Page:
Graduate entry for medicine (oxford?) Watch

wknd90
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I am currently doing a chemistry BSc at durham, and I was potentially considering pursuing a degree in medicine once I graduate, maybe at oxford (4 year course), but not necessarily. I wanted to know from people with experience of pursuing postgrad courses, how this would differ in terms of workload/social life/timetable/independent study and research, etc. from undergrad courses.

I was wondering how the experience of studying medicine from graduate entry would differ from studying it straight after a-levels. Is there a large range of backgrounds within these courses (recently graduated/another career, etc.)? Would study typically be amongst other graduate students, or mixed with already existing students?

Also socially, the thing I am a little worried about going on to do a postgrad degree is the fact that all my time will go into my degree and I won't be able to socialise outside of it. I understand that the postgrad social scene can be very different to that of the undergrads.

Thank you
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(Original post by wknd90)
I was wondering how the experience of studying medicine from graduate entry would differ from studying it straight after a-levels.
I would say it is generally more intense and more difficult, but that as a graduate you are better prepared to deal with that.

Is there a large range of backgrounds within these courses (recently graduated/another career, etc.)?
Yes.

Oxford seems to get proportionally more recent graduates versus what I hear about other med schools, but that is purely anecdotal.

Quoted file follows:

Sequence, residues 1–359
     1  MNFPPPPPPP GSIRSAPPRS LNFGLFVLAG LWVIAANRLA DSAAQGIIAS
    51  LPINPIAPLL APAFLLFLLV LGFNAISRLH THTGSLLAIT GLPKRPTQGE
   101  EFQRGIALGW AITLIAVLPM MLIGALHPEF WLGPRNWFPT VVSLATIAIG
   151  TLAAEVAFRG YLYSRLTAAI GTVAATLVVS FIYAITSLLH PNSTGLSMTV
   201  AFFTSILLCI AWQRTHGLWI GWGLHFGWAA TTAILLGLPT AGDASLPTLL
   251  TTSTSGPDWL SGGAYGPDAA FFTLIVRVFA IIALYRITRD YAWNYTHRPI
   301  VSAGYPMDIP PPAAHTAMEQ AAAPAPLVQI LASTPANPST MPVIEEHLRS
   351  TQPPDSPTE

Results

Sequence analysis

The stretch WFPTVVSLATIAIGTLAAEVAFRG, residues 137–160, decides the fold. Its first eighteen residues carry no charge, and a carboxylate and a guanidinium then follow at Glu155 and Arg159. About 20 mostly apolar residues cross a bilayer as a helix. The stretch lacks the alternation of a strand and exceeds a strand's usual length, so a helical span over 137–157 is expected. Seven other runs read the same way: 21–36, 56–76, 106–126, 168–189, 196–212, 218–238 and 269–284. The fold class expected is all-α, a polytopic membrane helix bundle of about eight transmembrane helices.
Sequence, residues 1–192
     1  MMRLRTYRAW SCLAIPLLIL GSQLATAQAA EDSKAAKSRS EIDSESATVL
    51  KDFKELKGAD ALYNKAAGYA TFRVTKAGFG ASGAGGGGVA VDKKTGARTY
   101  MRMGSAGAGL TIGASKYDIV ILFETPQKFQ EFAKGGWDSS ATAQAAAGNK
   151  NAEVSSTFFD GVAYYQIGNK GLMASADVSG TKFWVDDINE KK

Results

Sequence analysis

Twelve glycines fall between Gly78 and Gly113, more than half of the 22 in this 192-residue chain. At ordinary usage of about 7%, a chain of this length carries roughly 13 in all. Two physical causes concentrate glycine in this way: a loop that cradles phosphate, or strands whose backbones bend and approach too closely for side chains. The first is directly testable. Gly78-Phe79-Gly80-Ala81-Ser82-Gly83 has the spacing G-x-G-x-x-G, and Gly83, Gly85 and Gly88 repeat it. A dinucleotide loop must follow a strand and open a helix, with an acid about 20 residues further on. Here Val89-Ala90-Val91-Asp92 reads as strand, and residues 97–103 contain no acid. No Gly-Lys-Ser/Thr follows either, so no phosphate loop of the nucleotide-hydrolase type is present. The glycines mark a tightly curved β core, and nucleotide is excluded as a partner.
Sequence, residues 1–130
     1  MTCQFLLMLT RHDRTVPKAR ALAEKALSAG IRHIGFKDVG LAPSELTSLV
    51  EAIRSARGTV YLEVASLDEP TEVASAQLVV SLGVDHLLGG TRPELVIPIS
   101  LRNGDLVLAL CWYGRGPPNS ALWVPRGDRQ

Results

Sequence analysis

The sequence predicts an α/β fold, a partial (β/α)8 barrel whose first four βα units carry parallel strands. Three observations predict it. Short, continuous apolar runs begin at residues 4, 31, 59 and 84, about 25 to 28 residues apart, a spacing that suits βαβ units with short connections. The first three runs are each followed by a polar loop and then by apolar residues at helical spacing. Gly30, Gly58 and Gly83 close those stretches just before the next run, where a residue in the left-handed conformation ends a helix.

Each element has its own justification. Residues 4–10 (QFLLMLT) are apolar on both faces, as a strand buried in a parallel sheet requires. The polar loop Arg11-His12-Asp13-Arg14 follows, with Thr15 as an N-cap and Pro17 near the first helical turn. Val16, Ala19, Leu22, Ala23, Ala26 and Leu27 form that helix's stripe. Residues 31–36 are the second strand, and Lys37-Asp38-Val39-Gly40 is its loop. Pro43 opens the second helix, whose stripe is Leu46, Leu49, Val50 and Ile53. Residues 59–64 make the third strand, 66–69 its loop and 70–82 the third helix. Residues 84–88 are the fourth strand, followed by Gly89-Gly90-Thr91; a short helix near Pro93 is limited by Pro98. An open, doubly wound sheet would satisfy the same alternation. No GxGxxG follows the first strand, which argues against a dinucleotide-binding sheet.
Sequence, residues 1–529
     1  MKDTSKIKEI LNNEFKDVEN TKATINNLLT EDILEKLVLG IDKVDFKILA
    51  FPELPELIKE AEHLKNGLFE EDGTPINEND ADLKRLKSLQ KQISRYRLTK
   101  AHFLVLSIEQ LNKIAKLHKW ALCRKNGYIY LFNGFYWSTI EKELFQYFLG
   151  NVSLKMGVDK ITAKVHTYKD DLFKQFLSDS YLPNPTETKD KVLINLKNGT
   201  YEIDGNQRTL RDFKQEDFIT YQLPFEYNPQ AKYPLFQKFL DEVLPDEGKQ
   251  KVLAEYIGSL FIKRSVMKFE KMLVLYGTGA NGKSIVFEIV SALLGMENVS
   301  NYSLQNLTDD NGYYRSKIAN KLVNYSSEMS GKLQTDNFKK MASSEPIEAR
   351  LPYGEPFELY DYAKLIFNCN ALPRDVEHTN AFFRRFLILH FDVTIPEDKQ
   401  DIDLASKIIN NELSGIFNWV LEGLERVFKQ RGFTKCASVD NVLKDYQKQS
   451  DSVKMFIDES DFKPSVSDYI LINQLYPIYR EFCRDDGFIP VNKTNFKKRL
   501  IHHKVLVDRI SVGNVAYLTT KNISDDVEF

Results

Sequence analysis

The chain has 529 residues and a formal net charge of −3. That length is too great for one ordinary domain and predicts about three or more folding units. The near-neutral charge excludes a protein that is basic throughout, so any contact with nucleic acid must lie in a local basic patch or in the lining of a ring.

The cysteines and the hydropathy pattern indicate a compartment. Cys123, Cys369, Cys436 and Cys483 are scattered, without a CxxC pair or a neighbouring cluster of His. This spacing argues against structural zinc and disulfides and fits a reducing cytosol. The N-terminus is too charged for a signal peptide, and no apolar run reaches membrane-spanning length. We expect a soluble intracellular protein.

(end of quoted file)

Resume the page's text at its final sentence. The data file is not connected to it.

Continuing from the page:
Also socially, the thing I am a little worried about going on to do a postgrad degree is the fact that all my time will go into my degree and I won't be able to socialise outside of it. I understand that the postgrad social scene can be very different to that of the undergrads.
It will be different yes. The reality is that at undergrad you get a large proportion of people who are getting their first taste of independence and want to drink and party and go clubbing all the time. Whereas for your average 21+ year old... you've either been there done that or were never interested in the first place! People are far more mature and have other interests. Some may even have a spouse and children.

However, that's not to say they won't be social, nor that you can't do things to change your social outlook. For example, many of the rowers were graduates and some of them clearly had not lost their interest in heavy drinking, shall we say! There are plenty of other societies to get involved in as a graduate. I would say Oxford is particularly good from this perspective, firstly because it has far more societies overall than other unis, and secondly, because it has a lot of grads so you can expect higher graduate participation. In the walking society, for instance, the participation is like 70% grads (and about 10% staff/alumni!).
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(Original post by wknd90)
Would study typically be amongst other graduate students, or mixed with already existing students?
Also: typical structure is separate initially whilst you catch up with medical knowledge, then get mixed in with undergrad-entry later. Exact details will depend on medical school.

At Oxford the grads have one very intense year then join the undergrads in year 2 (year 4 for undergrads), whilst still catching up on some other stuff alongside the normal 4th year content. Supposedly its that first year that's the killer.
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